• Island of Tahiti/Archipelago of the Marquesas: approximately 3 hours 30 minutes
  • Islands of Tahiti/Archipelago of the Gambier Islands: approximately 3 hours 50 minutes
  • Islands of Tahiti/Archipelago of the Austral Islands: approximately 1 hour 30 minutes
  • Islands of Tahiti/Archipelago of the Tuamotu: 45 minutes
Geological formation and landscape

Volcanic islands
All the islands of French Polynesian are volcanic in origin. They are the summits of ancient volcanoes emerging from the ocean with the base of the volcano resting on the sea bed at a depth of some three to four thousand metres. The formation of these islands goes back to relatively “recent” times in geological terms, as they are less than 50 million years old. Created by intense volcanic activity, the Polynesian islands have no volcanoes today. Only the landscape reveals their origin.
The result of tectonic movement
On either side of gigantic undersea faults, magma from the depths of the planet feeds into tectonic plates which move slowly on both sides of these faults known as “dorsal”.
Originating in the Pacific dorsal, the Cocos and Nazca plates are advancing towards the Americas while the Pacific plate, the biggest in the world, is moving towards the west and north-west in the direction of Asia. It is this plate, advancing at a rate of around 10 cm per year, which is at the base of the islands of French Polynesia.
Summits of giant volcanoes emerged from the sea
Volcanic eruptions, known as “ripples” occurred along the dorsal causing huge volcanoes to appear which were at first under the sea then emerged from it. This is how the islands making up the Tuamotu archipelago appeared, millions of years ago. The four other archipelagos of French Polynesia (Society, Gambier, Marquesas and Austral) are the result of “hot spots”, sources of magma far distant from the edge of the plates. From these powerful springs magma spurted and formed a volcano. However, the ocean floor continued to move, although the “hot spot” did not, so that after some time the volcano which had been created was no longer fed and its activity gradually ceased. The “hot spot”, however, continued to exist, causing new volcanoes and therefore new islands in other places over the ocean plate.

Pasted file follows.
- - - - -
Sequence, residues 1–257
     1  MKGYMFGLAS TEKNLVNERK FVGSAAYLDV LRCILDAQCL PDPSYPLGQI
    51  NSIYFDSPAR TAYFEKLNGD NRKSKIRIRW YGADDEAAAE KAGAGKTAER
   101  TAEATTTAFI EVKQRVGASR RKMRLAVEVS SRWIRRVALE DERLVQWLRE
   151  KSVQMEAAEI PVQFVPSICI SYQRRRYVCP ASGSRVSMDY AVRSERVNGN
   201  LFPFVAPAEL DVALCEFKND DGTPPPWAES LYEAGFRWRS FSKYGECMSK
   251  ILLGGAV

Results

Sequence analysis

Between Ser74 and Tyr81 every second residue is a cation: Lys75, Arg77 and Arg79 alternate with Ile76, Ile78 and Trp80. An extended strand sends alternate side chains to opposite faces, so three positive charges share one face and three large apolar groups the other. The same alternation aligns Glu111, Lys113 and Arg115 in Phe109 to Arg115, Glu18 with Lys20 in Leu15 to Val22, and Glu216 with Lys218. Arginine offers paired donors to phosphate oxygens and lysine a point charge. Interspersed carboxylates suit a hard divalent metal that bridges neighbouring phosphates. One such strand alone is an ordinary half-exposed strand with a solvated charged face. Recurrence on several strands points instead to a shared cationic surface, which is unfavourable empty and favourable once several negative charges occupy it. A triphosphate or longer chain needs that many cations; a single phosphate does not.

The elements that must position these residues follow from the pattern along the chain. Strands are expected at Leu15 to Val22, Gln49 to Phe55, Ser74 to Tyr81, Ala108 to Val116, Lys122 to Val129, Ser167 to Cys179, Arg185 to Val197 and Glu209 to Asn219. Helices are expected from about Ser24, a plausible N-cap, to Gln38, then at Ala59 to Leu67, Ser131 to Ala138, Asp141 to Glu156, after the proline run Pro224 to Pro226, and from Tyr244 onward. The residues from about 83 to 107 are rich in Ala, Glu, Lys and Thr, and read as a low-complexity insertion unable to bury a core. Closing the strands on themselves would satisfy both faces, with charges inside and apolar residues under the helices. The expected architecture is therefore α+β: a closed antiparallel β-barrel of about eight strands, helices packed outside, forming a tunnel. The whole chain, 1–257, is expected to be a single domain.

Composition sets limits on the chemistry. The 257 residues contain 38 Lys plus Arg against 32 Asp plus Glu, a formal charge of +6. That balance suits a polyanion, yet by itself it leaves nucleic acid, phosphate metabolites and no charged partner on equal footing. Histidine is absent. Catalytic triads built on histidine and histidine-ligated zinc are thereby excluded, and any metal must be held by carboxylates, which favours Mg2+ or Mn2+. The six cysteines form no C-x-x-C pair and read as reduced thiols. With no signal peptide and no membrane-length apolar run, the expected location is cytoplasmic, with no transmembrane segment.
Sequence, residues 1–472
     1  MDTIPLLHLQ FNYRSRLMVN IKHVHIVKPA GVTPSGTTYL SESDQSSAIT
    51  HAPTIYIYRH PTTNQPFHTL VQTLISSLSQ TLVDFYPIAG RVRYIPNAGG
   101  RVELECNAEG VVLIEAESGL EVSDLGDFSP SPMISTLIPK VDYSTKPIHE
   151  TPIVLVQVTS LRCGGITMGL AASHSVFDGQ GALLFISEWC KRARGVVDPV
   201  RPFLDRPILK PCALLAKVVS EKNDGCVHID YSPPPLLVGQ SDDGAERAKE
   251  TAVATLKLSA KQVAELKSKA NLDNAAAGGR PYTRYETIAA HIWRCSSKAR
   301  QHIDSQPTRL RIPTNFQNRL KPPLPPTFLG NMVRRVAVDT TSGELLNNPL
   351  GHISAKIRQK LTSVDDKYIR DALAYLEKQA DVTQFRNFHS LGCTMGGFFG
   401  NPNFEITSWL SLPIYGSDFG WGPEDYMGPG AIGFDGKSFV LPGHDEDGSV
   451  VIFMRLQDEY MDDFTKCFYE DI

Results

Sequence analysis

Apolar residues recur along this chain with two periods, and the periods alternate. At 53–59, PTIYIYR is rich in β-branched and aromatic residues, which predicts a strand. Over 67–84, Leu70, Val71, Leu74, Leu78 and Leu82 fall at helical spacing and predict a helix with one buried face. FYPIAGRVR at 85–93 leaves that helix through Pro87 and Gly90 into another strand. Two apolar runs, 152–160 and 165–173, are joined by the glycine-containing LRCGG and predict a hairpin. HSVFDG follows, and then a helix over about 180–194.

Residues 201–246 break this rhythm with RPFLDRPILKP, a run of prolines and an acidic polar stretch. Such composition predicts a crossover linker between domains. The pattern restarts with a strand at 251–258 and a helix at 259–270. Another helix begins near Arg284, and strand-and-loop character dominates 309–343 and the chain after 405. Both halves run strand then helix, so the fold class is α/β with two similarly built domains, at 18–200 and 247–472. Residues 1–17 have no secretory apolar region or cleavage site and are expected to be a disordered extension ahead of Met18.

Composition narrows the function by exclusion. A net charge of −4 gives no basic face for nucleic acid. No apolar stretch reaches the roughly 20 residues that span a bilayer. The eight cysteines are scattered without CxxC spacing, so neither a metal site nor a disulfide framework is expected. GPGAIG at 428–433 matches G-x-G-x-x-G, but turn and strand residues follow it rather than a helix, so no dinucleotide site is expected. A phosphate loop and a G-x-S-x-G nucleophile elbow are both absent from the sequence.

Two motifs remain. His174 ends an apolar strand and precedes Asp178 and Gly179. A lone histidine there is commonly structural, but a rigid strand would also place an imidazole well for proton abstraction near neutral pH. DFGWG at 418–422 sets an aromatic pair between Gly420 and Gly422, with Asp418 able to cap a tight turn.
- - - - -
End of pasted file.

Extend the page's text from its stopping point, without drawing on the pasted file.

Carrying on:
This phenomenon can be seen clearly in the Society archipelago. So Maupiti, the most western island of the archipelago, is the oldest. It was formed 4 million years ago. There is nothing left of the Bora Bora volcano other than the central peak, whereas in younger islands such as Tahiti or Mo’orea, 300 km to the east, you can still see many peaks and traces of the original calderas. The island of Tahiti in fact appeared more recently, between 2 million and 500,000 thousand years ago.
Another phenomenon – known as subsidence – explains the gradual transformation of these once high islands into atolls. Once the volcano is extinct, it sinks into the ocean floor at a rate of 1 cm per year. In addition, the different layers of which it is comprised compress together. Finally, in the part above the ocean surface, erosion from wind, rain and river action contributes to the gradual but inevitable degradation of these imposing basalt structures.